CQUniversity Australia

Resource towns should be able to aspire to grow local workforce base 

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Local and regional communities in resource areas of Australia would be better placed to attract new workforce if government strategies take into account the reality of Fly In Fly Out (FIFO) and Drive In Drive Out (DIDO) patterns.

That's according to CQUniversity's Professor John Rolfe who has made a submission to the House of Representatives inquiry on FIFO, with help from colleagues Lindsay Greer and Dr Delwar Akbar.

PhotoID:11494, Professor John Rolfe
Professor John Rolfe
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Professor Rolfe is Professor of Regional Economic Development. He and his team recommend that policy settings should be framed around giving people freedom of choice about where to live and work, and transport options between locations where appropriate.

He says mandated FIFO and DIDO should not occur, as a substantial proportion of the workforce is often prepared to live locally.

A standard FIFO approach would remove opportunities for local and regional workforce participation, and distant FIFO operations cripple opportunities for regional development and set a precedent for future workforce location patterns.

"While the majority of new workforce may prefer to commute to mines for block shift periods, a substantial core of workforce may prefer to live locally," he says.

"The choices that employees make about whether to commute are likely to be influenced by the residential patterns at the beginning of their employment. Where housing is available and workers can live close to employment, there is greater likelihood that more employees will live locally."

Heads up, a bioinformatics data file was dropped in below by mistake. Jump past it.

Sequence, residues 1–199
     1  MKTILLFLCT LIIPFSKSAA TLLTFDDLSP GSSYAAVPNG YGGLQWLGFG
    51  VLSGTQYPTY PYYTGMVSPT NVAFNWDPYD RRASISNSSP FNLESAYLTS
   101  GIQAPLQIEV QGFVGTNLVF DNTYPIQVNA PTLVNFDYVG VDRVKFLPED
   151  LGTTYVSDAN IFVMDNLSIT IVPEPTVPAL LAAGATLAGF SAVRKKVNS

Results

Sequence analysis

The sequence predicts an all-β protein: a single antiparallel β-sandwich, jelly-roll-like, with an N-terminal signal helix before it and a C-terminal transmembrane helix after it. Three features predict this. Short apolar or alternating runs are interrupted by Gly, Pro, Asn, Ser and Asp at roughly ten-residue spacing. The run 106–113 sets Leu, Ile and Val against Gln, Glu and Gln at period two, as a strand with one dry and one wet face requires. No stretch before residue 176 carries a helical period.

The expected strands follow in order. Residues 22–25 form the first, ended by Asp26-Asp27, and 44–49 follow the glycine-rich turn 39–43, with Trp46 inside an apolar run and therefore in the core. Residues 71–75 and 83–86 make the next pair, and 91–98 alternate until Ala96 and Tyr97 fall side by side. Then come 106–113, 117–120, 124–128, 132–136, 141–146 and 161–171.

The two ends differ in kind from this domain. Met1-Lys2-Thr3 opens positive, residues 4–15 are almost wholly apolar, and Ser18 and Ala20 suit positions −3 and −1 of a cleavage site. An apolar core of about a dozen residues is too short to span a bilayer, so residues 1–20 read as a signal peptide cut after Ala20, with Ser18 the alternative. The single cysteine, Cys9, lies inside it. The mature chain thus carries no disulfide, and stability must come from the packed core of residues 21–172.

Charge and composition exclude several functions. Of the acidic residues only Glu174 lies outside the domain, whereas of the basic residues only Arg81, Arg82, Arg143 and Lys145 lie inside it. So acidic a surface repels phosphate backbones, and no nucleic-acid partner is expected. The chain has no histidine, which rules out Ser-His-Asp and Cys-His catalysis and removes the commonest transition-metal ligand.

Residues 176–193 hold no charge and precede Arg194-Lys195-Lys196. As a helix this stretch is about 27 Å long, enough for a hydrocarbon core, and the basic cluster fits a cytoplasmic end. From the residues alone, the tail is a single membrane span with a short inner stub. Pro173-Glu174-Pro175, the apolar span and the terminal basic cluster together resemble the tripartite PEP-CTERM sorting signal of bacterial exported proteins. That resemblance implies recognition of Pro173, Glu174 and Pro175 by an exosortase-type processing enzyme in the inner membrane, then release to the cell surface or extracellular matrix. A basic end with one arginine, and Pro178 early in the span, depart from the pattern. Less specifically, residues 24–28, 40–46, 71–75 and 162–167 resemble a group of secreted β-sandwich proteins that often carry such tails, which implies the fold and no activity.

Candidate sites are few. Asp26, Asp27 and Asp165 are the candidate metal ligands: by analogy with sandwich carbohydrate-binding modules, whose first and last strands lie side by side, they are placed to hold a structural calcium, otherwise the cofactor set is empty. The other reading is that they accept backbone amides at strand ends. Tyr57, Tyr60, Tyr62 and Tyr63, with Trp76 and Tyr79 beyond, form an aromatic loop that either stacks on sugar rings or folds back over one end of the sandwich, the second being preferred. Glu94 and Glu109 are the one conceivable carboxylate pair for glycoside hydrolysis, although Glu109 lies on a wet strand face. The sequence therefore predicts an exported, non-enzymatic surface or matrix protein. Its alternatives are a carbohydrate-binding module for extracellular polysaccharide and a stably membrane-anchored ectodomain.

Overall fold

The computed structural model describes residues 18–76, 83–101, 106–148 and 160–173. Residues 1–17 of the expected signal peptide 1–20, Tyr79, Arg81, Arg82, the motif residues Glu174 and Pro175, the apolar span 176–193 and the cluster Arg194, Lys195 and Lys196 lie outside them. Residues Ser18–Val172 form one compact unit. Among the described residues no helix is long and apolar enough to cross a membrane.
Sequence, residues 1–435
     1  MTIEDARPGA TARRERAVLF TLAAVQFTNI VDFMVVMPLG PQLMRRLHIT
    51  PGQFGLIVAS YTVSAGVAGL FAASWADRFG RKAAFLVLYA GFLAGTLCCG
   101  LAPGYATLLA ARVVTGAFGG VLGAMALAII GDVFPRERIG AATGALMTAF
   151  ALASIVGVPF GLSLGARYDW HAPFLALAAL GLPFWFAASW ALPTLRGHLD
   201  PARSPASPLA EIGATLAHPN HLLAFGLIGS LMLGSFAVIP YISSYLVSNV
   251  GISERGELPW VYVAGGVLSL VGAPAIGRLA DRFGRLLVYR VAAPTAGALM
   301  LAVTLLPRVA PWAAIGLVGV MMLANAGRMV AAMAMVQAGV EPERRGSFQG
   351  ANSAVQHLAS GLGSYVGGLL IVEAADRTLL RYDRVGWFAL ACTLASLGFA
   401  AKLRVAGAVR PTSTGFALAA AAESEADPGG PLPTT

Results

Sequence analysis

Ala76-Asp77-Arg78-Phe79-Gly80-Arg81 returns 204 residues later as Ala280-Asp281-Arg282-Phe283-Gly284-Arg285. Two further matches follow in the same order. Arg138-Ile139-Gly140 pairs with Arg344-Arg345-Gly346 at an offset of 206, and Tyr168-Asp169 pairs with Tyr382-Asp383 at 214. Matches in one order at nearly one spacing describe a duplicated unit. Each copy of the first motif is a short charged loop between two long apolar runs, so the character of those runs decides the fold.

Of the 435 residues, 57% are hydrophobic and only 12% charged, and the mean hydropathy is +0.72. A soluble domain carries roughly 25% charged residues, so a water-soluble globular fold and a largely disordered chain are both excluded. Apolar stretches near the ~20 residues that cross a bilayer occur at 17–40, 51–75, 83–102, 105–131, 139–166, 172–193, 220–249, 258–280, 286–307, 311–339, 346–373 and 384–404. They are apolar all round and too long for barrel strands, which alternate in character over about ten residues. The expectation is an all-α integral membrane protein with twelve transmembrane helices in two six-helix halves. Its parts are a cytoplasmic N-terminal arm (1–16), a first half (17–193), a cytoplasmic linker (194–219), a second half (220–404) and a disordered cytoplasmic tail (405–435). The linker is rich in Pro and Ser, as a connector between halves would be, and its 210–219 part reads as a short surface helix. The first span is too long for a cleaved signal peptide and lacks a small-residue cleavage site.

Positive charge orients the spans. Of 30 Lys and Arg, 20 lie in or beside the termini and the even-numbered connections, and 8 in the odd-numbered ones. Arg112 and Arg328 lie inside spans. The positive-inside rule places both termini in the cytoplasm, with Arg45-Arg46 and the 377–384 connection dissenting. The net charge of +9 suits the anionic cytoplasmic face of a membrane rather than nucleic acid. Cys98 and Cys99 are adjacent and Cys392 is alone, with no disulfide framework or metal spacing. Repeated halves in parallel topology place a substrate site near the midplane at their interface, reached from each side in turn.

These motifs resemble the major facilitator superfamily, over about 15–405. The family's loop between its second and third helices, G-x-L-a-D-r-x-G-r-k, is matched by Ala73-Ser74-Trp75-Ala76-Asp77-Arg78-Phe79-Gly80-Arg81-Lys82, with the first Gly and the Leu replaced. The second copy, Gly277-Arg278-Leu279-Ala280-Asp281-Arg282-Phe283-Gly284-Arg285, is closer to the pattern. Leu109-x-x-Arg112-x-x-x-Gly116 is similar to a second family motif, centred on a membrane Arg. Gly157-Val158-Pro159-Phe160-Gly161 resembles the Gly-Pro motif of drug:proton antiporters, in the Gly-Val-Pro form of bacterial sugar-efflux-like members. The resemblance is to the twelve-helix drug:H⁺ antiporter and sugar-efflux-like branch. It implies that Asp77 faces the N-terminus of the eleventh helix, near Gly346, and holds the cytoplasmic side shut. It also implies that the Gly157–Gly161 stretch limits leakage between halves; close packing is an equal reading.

Professor Rolfe notes that 'shift length' is an important determinant. Longer block shift rosters make it more viable for employees to commute to the workplace from further away (even interstate and internationally).

The submission says government should address regulatory and planning issues that provide major resource companies and other employers with perverse incentives to favour FIFO and DIDO arrangements over a locally-based workforce.

Appropriate housing stocks should be developed in local communities to match the potential inflow of new employees, and high housing costs that can generate perverse impacts on local town development should be avoided.

Professor Rolfe says government can help address issues that make local towns less attractive as residences for workers over FIFO or DIDO options, including relocation barriers, provision of infrastructure and services, and lifestyle factors.

"FIFO services and facilities should be integrated into local communities to maximise economic development," Professor Rolfe says.

"There should be better integration policies to overcome perceived social differences between FIFO workers and local communities.

"There should be better guidelines ... for workforce accommodation options that encourage a higher level of liveability, encourage family-friendly practices, and provide different accommodation choices.

Professor Rolfe notes the Bowen Basin region is one of the more closely settled regions of Australia, containing 20 small to medium townships. However, at least 40% of all jobs in the area are serviced by DIDO and FIFO operations, and this is likely to be an underestimate.

Interestingly, Professor Rolfe points out that while the use of a non-resident workforce is now an integral part of many mining operations in Australia, FIFO and DIDO arrangements are not restricted to the mining industry.